If you trace the popularity of Korean beauty back to the beginning, you’ll find a whole bunch of skin-care products. The serums, face masks, toners, and cleansers are what Cho points to as the crux of people’s interest in the movement. “I think Korean beauty is a disruptor in the beauty industry because they’re allowing skin care to be more fun and accessible,” she says. “It’s not about one cleanser or one brand out there, it’s really about the whole philosophy behind it.” And the philosophy is a good one. Korean women’s approach to beauty is less about what makeup they’re swiping on their face to cover up blemishes, and more about what they're putting on to prevent those blemishes from even occurring. To that point, the products in the K-beauty space are some of the best and some of the most effective. But finding the ones that work amongst the white noise is a process, one that some Reddit users are worried isn’t at the forefront of retailers' concerns. One writes: “The only sort of downside I see is that [American consumers] only have access to certain products, and those products then get super hyped but in reality aren't a great representation of AB [Asian Beauty] products, and therefore people will write it off as a passing trend.”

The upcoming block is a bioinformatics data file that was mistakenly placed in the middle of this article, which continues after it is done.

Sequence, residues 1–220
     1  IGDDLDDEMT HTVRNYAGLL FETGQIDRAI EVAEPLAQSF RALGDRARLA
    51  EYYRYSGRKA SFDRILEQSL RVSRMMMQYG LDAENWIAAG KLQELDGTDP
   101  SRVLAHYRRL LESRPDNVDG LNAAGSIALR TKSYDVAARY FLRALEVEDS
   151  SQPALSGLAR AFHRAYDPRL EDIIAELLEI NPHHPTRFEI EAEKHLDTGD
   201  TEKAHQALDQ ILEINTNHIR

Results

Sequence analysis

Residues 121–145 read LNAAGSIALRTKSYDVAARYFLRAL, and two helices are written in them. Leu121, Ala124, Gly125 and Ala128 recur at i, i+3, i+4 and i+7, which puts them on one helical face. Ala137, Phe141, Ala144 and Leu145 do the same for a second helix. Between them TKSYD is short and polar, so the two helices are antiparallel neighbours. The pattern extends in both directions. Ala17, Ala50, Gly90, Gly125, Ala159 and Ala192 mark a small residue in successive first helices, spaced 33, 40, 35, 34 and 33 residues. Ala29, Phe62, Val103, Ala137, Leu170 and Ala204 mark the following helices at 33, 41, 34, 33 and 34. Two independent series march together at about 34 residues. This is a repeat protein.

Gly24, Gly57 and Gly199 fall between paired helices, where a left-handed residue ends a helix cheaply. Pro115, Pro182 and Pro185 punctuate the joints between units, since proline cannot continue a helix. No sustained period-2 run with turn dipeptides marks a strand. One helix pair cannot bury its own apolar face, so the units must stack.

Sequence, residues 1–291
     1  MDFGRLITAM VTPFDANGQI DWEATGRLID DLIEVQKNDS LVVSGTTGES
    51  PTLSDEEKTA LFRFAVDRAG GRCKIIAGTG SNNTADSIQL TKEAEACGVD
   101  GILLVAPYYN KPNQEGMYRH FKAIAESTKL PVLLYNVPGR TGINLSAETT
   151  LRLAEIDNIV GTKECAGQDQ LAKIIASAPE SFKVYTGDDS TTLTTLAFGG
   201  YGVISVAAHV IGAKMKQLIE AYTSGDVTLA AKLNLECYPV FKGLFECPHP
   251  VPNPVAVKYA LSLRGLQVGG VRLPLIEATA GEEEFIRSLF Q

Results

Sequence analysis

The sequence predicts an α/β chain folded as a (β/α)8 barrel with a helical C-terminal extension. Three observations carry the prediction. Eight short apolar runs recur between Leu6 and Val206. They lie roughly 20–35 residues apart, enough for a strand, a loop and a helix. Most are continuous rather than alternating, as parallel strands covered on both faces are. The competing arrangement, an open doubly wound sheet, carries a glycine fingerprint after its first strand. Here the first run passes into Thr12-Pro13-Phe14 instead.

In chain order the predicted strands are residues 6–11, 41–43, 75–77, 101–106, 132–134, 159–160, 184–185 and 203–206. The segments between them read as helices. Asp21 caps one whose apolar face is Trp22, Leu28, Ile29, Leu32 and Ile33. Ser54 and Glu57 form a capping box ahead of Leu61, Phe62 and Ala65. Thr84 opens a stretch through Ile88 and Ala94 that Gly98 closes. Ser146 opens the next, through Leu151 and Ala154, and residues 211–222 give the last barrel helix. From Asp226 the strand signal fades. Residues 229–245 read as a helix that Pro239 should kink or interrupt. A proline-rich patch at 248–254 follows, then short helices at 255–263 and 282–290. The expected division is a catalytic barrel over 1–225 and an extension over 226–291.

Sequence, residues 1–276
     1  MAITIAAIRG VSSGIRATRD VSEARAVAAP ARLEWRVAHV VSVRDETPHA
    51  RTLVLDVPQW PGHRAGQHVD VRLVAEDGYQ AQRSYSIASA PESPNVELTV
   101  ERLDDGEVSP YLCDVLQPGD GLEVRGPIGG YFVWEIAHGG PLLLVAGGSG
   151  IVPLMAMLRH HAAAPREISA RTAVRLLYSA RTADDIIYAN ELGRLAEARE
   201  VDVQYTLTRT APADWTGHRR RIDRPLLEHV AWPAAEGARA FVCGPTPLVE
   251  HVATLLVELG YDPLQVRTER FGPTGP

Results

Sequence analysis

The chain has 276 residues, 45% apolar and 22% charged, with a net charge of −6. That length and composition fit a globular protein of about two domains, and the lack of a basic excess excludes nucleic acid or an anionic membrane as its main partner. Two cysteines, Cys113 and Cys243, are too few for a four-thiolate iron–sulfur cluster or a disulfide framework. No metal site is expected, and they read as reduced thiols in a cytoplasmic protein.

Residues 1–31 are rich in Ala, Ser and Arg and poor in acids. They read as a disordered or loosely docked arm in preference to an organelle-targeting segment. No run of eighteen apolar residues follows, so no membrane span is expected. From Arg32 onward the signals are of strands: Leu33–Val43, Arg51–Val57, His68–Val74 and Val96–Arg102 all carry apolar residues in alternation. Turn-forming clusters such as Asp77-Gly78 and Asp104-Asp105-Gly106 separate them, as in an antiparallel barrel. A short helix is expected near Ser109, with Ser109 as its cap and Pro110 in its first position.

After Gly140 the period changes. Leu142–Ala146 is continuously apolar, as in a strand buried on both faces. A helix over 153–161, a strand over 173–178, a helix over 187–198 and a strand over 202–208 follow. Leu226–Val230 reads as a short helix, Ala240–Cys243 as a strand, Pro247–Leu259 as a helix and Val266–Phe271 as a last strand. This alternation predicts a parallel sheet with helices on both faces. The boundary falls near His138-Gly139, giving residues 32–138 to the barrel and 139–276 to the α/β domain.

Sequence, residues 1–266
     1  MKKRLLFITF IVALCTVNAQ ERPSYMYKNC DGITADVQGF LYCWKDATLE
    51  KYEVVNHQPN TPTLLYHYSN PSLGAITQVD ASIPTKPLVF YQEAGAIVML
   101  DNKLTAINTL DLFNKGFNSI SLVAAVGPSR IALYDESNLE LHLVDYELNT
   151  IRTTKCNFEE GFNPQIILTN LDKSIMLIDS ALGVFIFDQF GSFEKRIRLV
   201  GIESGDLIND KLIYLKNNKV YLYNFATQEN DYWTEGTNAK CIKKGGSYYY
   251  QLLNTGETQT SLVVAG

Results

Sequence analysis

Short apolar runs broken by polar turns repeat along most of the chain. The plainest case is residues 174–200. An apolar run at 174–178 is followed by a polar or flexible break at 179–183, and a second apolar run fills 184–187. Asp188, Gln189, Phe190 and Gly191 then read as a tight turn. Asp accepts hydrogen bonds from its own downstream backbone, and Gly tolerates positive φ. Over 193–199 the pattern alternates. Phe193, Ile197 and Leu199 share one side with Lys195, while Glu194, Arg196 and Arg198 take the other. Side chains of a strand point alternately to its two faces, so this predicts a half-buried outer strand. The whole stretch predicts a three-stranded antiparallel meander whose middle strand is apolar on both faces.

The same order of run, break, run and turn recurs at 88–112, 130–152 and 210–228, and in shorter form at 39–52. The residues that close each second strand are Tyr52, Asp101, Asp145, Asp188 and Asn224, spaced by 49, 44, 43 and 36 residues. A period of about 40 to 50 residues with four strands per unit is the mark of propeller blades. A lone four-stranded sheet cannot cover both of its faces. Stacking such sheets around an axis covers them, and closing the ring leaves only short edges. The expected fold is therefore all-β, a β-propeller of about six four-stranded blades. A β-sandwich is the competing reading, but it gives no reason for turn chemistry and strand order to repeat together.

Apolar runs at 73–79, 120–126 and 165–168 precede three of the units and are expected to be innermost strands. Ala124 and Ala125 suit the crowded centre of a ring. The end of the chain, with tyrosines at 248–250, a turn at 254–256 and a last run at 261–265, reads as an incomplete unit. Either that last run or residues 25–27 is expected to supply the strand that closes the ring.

That's where curating comes in—something that both Cho and Chang prioritize when it comes to the products they choose for their respective companies. For Cho, she wants users coming to her site to feel like they’re in Korea, without having to pay for the plane ticket. She does that for you, by visiting the country numerous times throughout the year to get insight from beauty experts and makeup artists there. That, in turn, dictates what products she chooses to stock. She’s also an aesthetician, so what’s going into the products is also very high on her list. “Sometimes I don't even test the products when the ingredient list doesn't look good,” she says. “I want to make sure everyone has a great experience and actually see results because, if I go toward the gimmicky ingredients or the gimmicky products, they won't have a good experience and then they might think Korean beauty is not reliable.”

Chang has a similar approach. She and her partner, Sarah Lee, both come from beauty backgrounds and their site, specifically, focuses on “natural, harsh-free” products. She sees curation as a huge factor in helping the movement from falling into the overdone category. “I think curation is a big part of combatting oversaturation because, if we're constantly finding new, interesting brands and we can bring new, interesting technologies to the dialogue, it's never going to be oversaturated,” Chang tells us. “I think the issue is that when people see a certain category taking off, they want to jump into that category without a strong point of view, that's when oversaturation kind of happens.”